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Aging workforce may not have negative impact on loss costs

It is a widely held belief that older workers have fewer, but more costly injuries. However, new research from the industry's National Council on Compensation Insurance (NCCI) finds similar costs per worker among all groups of workers age 35 to 64 and also concludes the long-held assumption that younger workers have high injury rates is no longer true.

Other key findings:

Download a .pdf of the full report, "Workers Compensation and the Aging Workforce."

Most stressful jobs in U. S.

The top five of the ten most stressful jobs identified by employment research firm may not surprise you, but the other five might:

  1. Enlisted soldier
  2. Firefighter
  3. Airline pilot
  4. Military general
  5. Police officer
  6. Event coordinator
  7. Public relations executive
  8. Senior corporate executive
  9. Photojournalist
  10. Taxicab driver

Longshore Act to exclude workers who maintain recreational boats

Under new federal regulations effective January 30, laborers who build, repair or dismantle any recreational water vessel will no longer be covered by the Longshore Act, so long as they are covered under a state's Workers' Comp law. Currently, the Longshore Act only excludes workers who repair recreational watercraft less than 65 feet in length. The rule change stems from an amendment under the American Recovery and Reinvestment Act of 2009.

Research group publishes special issue on distracted driving

A special issue of the Human Factors and Ergonomics Society journal Ergonomics in Design pulls together assorted research on new technologies, educational programs and policies addressing driver distraction. The research is divided into three topics: the science on distracted driving, applying research to mitigating distraction and outreach. The special issue is free to the public until March 31.

IRS clarifies guidelines for W-2 reporting of health coverage costs

On Jan. 3, 2012, the U.S. Internal Revenue Service (IRS) issued Notice 2012-9 with interim guidance on meeting the requirement under the Patient Protection and Affordable Care Act (PPACA) to report on employees' W-2 forms the cost of their group health insurance coverage. This information must be furnished beginning with 2012 W-2 forms, which generally must be provided to employees by the end of January 2013. The aggregate cost of an employee's health care coverage is to be determined under rules similar to the rules for determining the applicable premium for COBRA continuation coverage.

Generally, all employers are required to meet the new W-2 reporting requirement, but the IRS provided some exemptions in transition relief, including one for small employers who filed fewer than 250 Forms W-2 in 2011. Such employers are not required to report the value of employer-provided health care for 2012.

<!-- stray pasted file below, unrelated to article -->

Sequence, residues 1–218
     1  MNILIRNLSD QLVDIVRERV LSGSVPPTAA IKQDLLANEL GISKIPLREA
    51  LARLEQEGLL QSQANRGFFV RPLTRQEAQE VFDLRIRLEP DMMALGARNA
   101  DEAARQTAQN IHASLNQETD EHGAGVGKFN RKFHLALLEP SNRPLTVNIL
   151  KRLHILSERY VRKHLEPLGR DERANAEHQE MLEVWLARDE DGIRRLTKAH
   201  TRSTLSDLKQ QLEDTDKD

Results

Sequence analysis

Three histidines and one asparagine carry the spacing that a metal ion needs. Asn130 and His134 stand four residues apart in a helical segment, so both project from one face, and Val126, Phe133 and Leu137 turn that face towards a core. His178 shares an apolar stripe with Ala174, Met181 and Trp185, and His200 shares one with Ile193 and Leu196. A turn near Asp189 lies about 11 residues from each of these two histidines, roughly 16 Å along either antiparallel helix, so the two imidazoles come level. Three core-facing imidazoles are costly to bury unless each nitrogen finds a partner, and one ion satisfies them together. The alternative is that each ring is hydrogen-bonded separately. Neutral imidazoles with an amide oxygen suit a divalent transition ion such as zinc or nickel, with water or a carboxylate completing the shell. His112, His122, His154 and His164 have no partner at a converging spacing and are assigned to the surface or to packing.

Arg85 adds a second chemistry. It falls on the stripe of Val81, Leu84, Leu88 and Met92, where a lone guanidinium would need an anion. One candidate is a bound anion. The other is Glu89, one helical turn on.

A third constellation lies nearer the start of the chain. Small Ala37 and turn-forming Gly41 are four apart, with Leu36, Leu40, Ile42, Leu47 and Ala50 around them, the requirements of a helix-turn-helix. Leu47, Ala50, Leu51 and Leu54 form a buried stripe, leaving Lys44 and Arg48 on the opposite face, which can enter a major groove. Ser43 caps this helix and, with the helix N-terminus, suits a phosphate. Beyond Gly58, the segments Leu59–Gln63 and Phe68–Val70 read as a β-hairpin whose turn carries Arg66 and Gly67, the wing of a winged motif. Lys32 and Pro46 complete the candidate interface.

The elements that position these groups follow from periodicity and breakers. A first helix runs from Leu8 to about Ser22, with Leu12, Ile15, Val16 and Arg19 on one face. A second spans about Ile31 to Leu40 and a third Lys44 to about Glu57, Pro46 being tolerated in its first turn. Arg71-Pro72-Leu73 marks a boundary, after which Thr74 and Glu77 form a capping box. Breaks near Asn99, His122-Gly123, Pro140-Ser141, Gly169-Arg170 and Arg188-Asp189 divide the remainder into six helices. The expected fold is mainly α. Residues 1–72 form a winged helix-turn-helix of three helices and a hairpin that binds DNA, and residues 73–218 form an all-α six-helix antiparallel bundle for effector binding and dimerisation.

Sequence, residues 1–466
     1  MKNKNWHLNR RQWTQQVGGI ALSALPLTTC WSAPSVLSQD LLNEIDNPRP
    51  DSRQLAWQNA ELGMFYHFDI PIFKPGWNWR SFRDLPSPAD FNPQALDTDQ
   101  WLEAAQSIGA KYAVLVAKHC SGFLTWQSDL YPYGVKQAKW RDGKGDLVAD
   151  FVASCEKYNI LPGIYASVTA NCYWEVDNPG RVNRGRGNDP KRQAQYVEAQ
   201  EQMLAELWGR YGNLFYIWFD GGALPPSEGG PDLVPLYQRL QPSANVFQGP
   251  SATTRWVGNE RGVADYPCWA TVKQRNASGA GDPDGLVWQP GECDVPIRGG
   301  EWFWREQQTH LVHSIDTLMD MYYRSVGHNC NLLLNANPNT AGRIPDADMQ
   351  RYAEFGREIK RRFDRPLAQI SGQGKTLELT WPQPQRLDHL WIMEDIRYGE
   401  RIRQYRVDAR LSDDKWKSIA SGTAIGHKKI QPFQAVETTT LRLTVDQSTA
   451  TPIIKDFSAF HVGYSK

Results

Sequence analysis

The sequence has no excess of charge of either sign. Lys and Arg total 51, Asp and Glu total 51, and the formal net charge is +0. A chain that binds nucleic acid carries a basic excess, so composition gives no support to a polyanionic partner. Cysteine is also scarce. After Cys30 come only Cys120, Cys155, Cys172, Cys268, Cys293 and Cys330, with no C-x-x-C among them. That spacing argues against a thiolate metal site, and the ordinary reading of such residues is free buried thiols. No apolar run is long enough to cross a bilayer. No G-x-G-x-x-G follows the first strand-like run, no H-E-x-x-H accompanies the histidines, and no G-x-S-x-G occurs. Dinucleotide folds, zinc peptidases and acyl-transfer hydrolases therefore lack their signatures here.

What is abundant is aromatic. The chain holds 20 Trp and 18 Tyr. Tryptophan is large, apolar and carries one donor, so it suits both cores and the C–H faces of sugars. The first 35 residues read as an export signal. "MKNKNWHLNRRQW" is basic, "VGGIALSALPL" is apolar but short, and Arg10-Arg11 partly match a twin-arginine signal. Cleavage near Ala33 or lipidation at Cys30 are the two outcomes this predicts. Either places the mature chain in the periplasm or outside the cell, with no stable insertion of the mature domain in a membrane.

Final rule on HOS maintains 11-hour daily driving limit

The Federal Motor Carrier Safety Administration's much-anticipated final rule (.pdf file) on hours of service, published Dec. 22, retains the current 11-hour daily driving limit for commercial motor vehicle drivers but limits the previously unrestricted 34-hour restart provision to once every 168 hours and mandates at least two nighttime rest periods per reset.

In an effort to address fatigue among CMV drivers, FMCSA published a notice of proposed rulemaking in December 2010 that would have lowered the 11-hour limit to 10 hours. Transportation safety interest groups, citing fatigue as a key factor in crashes involving CMVs, had called for restrictions on the amount of time CMV carriers require drivers to work - specifically advocating for reductions in maximum weekly and daily operating times. The rule was delayed twice in 2011 amid pressure from trucking industry groups and politicians, who claimed that reductions in daily driving time would adversely impact business without provable safety benefits.

The HOS changes will go into effect Feb. 27, with a compliance date for certain provisions of July 1, 2013.

One in six Americans binge drink

Approximately 38 million U.S. adults - or about 17 percent of the population - are defined as binge drinkers, according to a new report from the Centers for Disease Control and Prevention.The report defines binge drinking as five or more alcoholic drinks in a short period of time for men and four or more for women.

According to the report:

The report recommended that men limit themselves to two drinks daily and women limit themselves to one drink, and that government agencies pursue prevention strategies that combine the efforts of enforcement, health care and public health agencies.